Ultimately, The Transporter is about a middle-aged bald guy who does a lot of commuting in a BMW, which makes it sound like the story of the average BMW owner, but which turns into action movie junk food with oiled-up fistfights, great chases, fun characters and impressive stunt work.

Basically, it’s like The Fast And The Furious but for the sort of person that cares just as much about the German executive sedan in their garage as a teenager cares about their slammed and busted Mazda RX7. And maybe has a 401(k).


I’m off to listen to this movie’s soundtrack, so that’s all from me. Now let’s hear from those of you that emailed with your thoughts, opinions and hot takes about The Transporter:

Jalopnik Deputy Editor Michael Ballaban:

As you well know, I deeply respect and admire all that you do. I am sure the perfect and splendid readers who enjoy the Jalopnik Movie Club series feel the same.

You recently were talking about The Transporter in the office. I, like the obnoxious busybody that I am, immediately interjected myself into the conversation you were having with Kristen to boorishly lament that the BMW 7 Series in the movie didn’t actually exist. Well it did, sort of. Only for the movie. You told me to email you that little factoid.

Here is that factoid.

The car used in the film was a BMW 750il complete with a V12, according to, but fitted with a manual transmission by BMW for “action” purposes (they called it a 735i in themovie, but supposedly it was genuinely a V12 model). BMW never made another manual V12 7 Series. But they should have.

Anyways, that’s all.

Love and Blessings Always,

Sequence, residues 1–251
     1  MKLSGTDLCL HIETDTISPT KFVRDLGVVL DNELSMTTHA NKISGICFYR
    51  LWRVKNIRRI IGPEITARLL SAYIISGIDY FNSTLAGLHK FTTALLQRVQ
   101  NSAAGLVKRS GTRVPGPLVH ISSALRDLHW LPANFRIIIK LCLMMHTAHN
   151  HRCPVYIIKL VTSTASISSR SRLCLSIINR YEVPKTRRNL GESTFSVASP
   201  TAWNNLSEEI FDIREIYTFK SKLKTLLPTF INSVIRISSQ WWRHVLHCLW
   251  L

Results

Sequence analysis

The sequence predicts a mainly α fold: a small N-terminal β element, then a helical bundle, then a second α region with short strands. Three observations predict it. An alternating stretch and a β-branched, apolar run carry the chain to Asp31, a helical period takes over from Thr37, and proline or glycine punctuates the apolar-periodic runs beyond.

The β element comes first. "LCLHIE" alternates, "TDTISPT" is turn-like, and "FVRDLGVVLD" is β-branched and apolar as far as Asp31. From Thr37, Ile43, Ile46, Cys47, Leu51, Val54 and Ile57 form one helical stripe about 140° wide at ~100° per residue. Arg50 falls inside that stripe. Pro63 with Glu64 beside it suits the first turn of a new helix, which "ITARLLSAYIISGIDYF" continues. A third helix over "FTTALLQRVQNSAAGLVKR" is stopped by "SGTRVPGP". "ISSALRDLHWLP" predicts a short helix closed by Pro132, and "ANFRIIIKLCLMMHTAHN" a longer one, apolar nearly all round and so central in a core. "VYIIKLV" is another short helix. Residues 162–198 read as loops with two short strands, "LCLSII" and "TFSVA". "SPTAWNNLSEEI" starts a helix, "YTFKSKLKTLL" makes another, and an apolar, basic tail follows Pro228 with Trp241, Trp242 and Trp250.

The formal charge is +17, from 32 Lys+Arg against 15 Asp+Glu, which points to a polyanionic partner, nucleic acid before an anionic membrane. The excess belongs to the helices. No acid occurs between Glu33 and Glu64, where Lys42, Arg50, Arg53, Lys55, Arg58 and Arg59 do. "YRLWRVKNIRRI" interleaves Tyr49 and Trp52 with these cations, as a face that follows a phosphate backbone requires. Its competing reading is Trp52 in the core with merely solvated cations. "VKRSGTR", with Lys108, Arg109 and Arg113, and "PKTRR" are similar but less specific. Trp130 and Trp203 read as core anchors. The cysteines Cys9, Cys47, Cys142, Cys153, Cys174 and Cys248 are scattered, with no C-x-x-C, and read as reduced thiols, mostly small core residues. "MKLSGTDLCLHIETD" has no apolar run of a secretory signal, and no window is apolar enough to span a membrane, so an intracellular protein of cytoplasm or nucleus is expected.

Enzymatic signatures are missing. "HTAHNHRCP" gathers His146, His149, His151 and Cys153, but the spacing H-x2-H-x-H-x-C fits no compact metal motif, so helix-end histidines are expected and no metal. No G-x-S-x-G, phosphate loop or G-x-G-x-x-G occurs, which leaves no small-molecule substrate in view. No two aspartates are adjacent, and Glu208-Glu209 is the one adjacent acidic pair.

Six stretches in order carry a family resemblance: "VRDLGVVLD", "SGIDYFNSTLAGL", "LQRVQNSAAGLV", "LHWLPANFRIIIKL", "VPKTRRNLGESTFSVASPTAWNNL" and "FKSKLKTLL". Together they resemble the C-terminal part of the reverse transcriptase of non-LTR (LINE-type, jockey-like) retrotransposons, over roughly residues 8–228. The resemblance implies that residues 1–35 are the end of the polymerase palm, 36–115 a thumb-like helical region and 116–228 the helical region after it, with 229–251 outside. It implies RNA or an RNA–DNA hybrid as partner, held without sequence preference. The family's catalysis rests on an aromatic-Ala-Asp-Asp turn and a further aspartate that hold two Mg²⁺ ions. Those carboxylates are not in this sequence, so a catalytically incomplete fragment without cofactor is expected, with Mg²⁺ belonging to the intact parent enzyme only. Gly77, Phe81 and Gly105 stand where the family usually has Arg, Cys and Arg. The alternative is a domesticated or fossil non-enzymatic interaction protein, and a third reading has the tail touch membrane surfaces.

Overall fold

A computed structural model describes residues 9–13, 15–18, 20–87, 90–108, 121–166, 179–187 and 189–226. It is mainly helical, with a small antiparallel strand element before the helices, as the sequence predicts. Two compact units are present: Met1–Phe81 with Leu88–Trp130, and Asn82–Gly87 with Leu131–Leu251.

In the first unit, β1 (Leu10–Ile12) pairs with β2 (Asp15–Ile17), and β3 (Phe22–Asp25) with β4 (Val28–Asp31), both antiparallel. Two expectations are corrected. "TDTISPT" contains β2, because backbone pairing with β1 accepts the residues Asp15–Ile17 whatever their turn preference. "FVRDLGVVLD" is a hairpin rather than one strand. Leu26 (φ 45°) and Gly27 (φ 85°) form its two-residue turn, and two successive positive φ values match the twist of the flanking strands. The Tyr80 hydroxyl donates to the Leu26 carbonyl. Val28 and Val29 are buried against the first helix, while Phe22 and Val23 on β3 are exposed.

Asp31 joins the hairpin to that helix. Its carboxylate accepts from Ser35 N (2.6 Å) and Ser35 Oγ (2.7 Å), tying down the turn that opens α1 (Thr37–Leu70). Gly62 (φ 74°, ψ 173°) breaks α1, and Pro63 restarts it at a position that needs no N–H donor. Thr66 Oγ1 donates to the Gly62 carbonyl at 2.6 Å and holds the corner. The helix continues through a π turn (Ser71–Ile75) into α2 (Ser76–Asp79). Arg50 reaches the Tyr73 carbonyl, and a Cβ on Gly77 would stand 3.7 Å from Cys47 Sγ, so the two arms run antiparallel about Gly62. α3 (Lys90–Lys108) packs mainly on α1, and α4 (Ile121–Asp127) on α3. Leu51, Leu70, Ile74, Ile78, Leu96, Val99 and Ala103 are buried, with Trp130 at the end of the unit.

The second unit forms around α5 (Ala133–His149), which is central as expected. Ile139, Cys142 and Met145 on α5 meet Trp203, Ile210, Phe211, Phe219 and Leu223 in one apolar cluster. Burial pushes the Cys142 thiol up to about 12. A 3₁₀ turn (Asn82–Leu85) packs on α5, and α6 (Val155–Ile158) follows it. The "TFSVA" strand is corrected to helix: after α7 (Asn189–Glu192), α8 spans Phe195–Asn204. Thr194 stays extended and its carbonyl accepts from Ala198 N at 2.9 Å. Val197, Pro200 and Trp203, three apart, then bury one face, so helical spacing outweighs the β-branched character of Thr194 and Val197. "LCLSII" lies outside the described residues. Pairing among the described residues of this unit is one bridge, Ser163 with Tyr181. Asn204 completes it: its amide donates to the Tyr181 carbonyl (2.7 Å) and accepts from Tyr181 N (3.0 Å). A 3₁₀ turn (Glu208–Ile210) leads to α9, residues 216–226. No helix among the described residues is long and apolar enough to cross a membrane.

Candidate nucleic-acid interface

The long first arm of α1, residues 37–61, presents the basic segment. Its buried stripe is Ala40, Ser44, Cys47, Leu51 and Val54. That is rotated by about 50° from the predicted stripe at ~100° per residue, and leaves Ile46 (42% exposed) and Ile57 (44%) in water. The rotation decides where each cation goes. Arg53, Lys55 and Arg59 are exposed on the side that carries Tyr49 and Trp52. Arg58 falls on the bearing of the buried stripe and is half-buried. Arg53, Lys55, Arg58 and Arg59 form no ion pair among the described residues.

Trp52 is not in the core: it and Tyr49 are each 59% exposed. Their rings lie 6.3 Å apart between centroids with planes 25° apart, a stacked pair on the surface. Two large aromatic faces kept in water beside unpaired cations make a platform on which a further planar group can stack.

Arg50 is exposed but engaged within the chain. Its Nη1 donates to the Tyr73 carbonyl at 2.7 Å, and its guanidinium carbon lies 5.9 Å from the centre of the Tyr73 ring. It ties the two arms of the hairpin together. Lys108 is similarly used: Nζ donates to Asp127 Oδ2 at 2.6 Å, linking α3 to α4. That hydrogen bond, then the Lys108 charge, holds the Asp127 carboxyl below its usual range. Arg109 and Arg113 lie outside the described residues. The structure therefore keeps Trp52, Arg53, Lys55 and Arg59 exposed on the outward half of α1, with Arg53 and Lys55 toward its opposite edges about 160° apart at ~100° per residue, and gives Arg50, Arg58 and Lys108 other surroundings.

Robert H.:

I thought the movie did a great job featuring true sleeper cars. Oversized German sedans with a few tasteful mods. It’s gets into Bond Q Branch territory later in the series, but watching that Audi flip around in the original was awesome.


Paulo A.:

If a bald John Basedow shot a really long BMW Commercial.

For a movie titled Transporter, I was sort of expecting more driving. But, to make up for the lack of tire squealing cornering, thankfully, the writers graced us with plenty of sweet choreographed fights. Once you lower your expectations, this movie shines for what it really is, just a decent action movie you’ll be glad you didn’t spend your money on in 2002.

Don’t get me wrong, the Frank Martin that the writers crafted appeals to my lowkey OCD. A driver that keeps his car clean, is meticulous about schedules, dresses in well-fitting clothing, and has some driving skill. That’s totally my bag. It probably helps that Statham bears a passing resemblance to Mr. Clean.

But after his BMW blows up and he swaps into a Mercedes then various other small French cars, I almost fell asleep with how predictable it was.

I did particularly like the fighting scenes. In some ways, Statham was almost like a poor man’s Jackie Chan or Jet Li with how creative he got when surrounded by superior numbers. If you told me that I’d be watching a dozen men oil themselves on a Tuesday night, I would laugh, but Statham makes it almost believable to watch like, “ya, that’s totally plausible.”

And did he have to remove his shirt so many times? It’s almost as if Statham has a rider that he must be shown shirtless for at least two minutes of screen time or he walks.